Only have faith!  [Three verses end with this imperative]
 
Armageddon
Ripe is the vintage of the earth;
Its clustering grapes are round and full;
And vengeance, vengeance bursts to birth,
Sudden and irresistible!
Messiah comes to tread amain, (sic)
The wine-press of the battle-plain
 
The cry is up, the strife begun,
The struggle of the mighty ones;
And Armageddon’s day comes on,
The carnival of Slaughter’s sons;
War lifts his helmet to his brow:
O God, protect thy people now!
 
This World Is Not My Home
Farewell! farewell! to all below,
My Jesus calls and I must go:
I’ll launch my boat upon the sea,
This land is not the land for me.
This world is not my home: (4 X repeated) (Sic)
 
Farewell! my friends! I’ll not stay here—
The home I seek will soon appear;
Where Christ is not I cannot be;
This land is not the land for me
This world is not my home, &c.
 
I’m A Traveler
I’m a lonely trav’ller here,
Weary, opprest;
But my journey’s end is near,
Soon I shall rest.
Dark and dreary is the way,
Toiling I’ve come—
Ask me not with you to stay—
Yonder’s my home.
 
The Jubilee Prayer
We are in the time of waiting;
Soon we shall behold our Lord,
Wafted far away from sorrow,
To receive our rich reward.
Keep us, Lord, till thine appearing,
Pure, unspotted from the world;
Let thy Holy Spirit cheer us,
Till thy banner is unfurl’d
 
Be of Good Cheer
Christian, thy warfare soon will be o’er;
Oh, do not fear, do not fear,
Soon thou shalt rest where thy foes come no more—
Be of good cheer, of good cheer.
 
Here Is No Rest
Here, o’er the earth as a stranger I roam,
Here is no rest—is no rest;
Here as a pilgrim I wander alone,
Yet I am blest—I am blest
 
Let them revile me, and scoff at my name,
Laugh at my weeping—endeavor to shame;
I will go forward, for this is my theme;
There, there is rest—there is rest
 
Here are afflictions and trials severe;
Here is no rest—is no rest;…
 
This world of cares is a wilderness state,
Here is no rest—is no rest;
Here I must bear from the world all its hate—
Yet I am blest—I am blest.
 
The Little Flock
How happy are the little flock,
Who, safe beneath their guardian Rock,
In all commotions rest;
When war’s and tumult’s waves run high,
Unmov’d above the storm they lie,
And lodge in Jesus’ breast
 
Such happiness O Lord, have we,
By mercy gather’d into thee,
Before the floods descend;
And while the bursting cloud comes down,
We mark the vengeful day begun,
And calmly wait the end.
 
The plague, and dearth, and din of war,
Our saviour’s (sic) swift approach declare,
And bid our hearts arise;
Earth’s basis shook, confirms our hope;
Its cities’ fall but lifts us up,
To meet thee in the skies.
 
A Pilgrim And A Stranger
1. I’m a pilgrim and I’m a stranger;
I can tarry, I can tarry, but a night;
Do not detain me, for I am going
To where the fountains are ever flowing,
I’m a pilgrim and I’m a stranger, &c.
 
2. There the glory is ever shining!
O, my longing heart, my longing heart is there;
Here in this country so dark and dreary,
I long have wander’d forlorn and weary.
 
4. Farwell, dreary earth, by sin so blighted,
In immortal beauty soon you’ll be arrayed!
He who has form’d thee, will soon restore thee!
And then thy dread curse shall never more be:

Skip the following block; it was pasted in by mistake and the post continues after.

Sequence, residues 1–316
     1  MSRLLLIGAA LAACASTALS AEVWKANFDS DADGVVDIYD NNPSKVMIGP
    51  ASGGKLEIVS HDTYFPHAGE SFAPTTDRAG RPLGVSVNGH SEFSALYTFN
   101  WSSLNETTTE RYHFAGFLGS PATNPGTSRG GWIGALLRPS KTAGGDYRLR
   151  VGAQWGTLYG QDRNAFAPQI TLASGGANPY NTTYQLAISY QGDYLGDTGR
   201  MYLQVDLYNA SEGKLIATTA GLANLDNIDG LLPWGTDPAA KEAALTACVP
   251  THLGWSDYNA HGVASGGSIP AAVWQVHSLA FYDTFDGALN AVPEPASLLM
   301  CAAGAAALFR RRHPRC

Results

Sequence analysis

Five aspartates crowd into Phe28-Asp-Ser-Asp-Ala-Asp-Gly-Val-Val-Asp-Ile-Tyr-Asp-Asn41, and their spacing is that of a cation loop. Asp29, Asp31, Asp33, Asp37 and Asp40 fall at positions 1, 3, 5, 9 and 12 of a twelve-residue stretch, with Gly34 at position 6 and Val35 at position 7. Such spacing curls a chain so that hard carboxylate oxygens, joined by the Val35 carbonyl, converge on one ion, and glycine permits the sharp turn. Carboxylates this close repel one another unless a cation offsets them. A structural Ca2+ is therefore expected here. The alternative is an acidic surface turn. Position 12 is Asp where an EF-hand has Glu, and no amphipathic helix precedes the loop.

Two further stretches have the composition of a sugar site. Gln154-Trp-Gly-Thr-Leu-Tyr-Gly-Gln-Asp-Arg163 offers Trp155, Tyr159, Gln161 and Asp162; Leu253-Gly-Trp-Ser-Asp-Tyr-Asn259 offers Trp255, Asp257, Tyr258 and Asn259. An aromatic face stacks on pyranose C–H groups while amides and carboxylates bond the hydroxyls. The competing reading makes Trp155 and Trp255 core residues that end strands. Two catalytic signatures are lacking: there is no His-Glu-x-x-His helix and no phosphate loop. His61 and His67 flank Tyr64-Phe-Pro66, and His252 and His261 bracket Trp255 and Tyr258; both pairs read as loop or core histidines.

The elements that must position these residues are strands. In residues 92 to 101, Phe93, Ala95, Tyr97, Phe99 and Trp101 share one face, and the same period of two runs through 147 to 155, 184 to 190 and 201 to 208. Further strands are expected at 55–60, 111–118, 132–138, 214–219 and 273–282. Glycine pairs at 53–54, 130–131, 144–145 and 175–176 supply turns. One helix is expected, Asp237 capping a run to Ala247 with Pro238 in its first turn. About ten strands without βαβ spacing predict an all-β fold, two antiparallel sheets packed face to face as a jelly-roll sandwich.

I’m a pilgrim, and I’m a stranger,
Till thy rest shall end the weary pilgrim night.
 
The Fall of Babylon
1. Hail the day so long expected,
Hail the day of full release;
Zion’s walls are now erected,
And her watchmen publish peace;
Throughout Shiloh’s wide dominion,
Hear the trumpet loudly roar,
Babylon is fallen, is fallen, is fallen,
Babylon is fallen to rise no more.
 
2. Come “my people” and forsake her,
Cast away our slavish fears’
Hear the voice from heaven proclaiming
It’s the end of all her years.
Raise your voices she is fallen,
Lift your banners up on high,
Babylon is fallen, is fallen, is fallen, &c.
 
[My observations on the 1849 hymnal: The hymns are doctrinal, state the transitory nature of this world, describe the believer’s isolation, or express their hope for a better land. No hymns promote outreach, care for others, saving the lost, going to the world.]
 
Samples from the 1852 Hymnal
 
Come To Reign
List again;–the low earth sigheth,
And the blood of martyrs crieth
From its bosom, where there lieth
Millions upon millions slain:
“Lord, how long, ere thy word given,
All the wicked shall be driven
From the earth by bolts of heaven?
Jesus come—oh! come to reign.”
 
Kingdoms now are reeling, falling,
Nations lie in woe appalling,
On their sages vainly calling
All these wonders to explain;
While the slain around are lying,
God’s own little flock are sighing,
And in secret places crying,
“Jesus come—Oh! come to reign.”
 
Here the wicked live securely,
Of to-morrow boasting surely,
While from those wh’re walking purely
They extort dishonest gain;
Yea, the meek are burden’d, driven;
Want and care to them are given,
But they lift the cry to heaven,
“Jesus come—Oh! come to reign.”
 
Despised Pilgrims
 1. What poor despised company
Of travelers are these,
Who walk in yonder narrow way,
Along the rugged maze?
 
2. Ah, these are of a royal line,
All children of a King….
 
3. Why do they then appear so mean,
and why so much despised?
Because of their rich robes unseen,
The world is not appriz’d
 
4. Why do they shun the pleasing path,
That worldlings love so well?
Because that is the road to death,
The open road to hell
 
5. What, is there then no other road
To Salem’s happy ground?
Christ is the only way to God,
No other can be found.
 
The Exile
There is a land, a better land than this—